DESCRIPTION (provided by applicant): Due to improved detection and treatment, survival rates among breast cancer survivors (BSC) have increased. However, BCS may experience cognitive impairment (CI) following treatment, which has been reported by BCS up to 10 years after chemotherapy (CT). There is limited evidence on whether stress- reducing interventions improve CI in BSC. The primary goal of this application is to establish the Mindfulness- Based Stress Reduction for Breast Cancer (MBSR(BC)) program as an effective treatment for CI in BCS. Specifically we aim to (1) evaluate the extent to which MBSR(BC) compared to the Breast Cancer-Education Support (BCES) program or Usual Care (UC) improves cognitive functioning among BCS off treatment; (2) determine if improvements in cognitive functioning achieved from MBSR(BC) are mediated through increased mindfulness and decreased rumination and stress; (3) evaluate genetic variants as moderators of MBSR(BC) on improvements in CI; and (4) determine the impact of MBSR(BC) on healthcare utilization and costs. To achieve these aims, we will conduct a randomized controlled trial (RCT) among 330 BCS with Stage I-III BC who have received adjuvant CT or CT and radiation. Within this RCT, MBSR(BC) will be delivered to a subpopulation of Spanish speaking BCS. Participants will be randomly assigned in a 1:1:1 ratio to (1) the 6- week MBSR(BC) program; (2) the 6-week BCES program; or (3) UC. The BCES program will match the MBSR(BC) program for time and attention and parallel the group support component of MBSR(BC). Assessments will take place at baseline, 6 weeks,12 weeks and 6 months and include clinical history and demographic information, objective neuropsychological assessments, subjective cognitive and symptom measurements, cost utilization surveys and a blood sample collection for genetic analyses. This study is highly innovative to be the first randomized trial to: 1) evaluate the efficacy of MBSR(BC) among BCS for objective neuropsychological and subjective improvements in cognitive functioning; 2) evaluate genetic profiles as moderators of MBSR(BC) on improving CI; 3) offer the MBSR trial in Spanish in addition to English for the purpose of improving cognition; and 4) determine the effect of MBSR(BC) on CT-induced CI among BCS related to health service utilization costs. MBSR(BC) provides training to promote stress reduction through self-regulation of attention and awareness to stressful events. Our preliminary results show that MBSR(BC) improves subjective cognitive functioning. If MBSR(BC) is found to be effective, it will provide evidence of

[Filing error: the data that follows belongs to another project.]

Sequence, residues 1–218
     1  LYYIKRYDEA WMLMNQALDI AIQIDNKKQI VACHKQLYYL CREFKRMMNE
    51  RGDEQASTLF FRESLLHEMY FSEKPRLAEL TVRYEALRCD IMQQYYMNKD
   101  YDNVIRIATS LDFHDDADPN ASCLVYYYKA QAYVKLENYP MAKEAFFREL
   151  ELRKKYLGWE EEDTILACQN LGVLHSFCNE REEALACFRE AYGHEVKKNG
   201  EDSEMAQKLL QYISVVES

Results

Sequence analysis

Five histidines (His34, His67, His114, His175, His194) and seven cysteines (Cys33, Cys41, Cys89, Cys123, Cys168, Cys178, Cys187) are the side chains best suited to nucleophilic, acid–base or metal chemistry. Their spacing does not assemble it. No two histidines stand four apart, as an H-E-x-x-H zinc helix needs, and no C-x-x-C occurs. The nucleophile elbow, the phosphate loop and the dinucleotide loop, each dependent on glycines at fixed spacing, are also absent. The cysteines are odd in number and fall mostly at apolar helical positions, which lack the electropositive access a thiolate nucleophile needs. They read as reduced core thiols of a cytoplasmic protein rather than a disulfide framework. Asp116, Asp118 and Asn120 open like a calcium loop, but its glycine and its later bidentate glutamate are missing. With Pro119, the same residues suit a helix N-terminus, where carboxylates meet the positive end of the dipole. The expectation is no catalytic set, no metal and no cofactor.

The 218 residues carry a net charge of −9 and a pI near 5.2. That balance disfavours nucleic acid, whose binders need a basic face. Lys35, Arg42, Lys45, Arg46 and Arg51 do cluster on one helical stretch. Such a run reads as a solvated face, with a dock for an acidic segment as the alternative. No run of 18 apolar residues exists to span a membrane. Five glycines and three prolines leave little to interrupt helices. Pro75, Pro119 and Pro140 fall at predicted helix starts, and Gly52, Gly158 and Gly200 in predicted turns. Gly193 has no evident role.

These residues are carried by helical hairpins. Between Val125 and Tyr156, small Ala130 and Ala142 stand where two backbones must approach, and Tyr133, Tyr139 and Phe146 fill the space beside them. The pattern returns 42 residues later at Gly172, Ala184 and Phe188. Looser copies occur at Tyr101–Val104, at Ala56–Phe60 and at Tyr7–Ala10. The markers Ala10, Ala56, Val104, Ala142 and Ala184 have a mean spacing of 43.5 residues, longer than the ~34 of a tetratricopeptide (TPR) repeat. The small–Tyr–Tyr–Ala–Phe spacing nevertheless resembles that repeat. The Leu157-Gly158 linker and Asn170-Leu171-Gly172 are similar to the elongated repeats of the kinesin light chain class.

a viable non-pharmacological method for managing CI in BCS. Additionally, the examination of the effects of the hypothesized mediators may yield new insights for tailoring MBSR(BC) and/or developing additional interventions to aid BCS. The assessment of genetic polymorphisms to explore if risk alleles are associated with improvement in cognitive functioning may demonstrate that specific genetic profiles may modify improvements in CI for those receiving MBSR(BC). Finally, if MBSR(BC) is shown to be effective, this may significantly impact healthcare utilization
and cost and produce necessary evidence for clinicians, researchers and policymakers.
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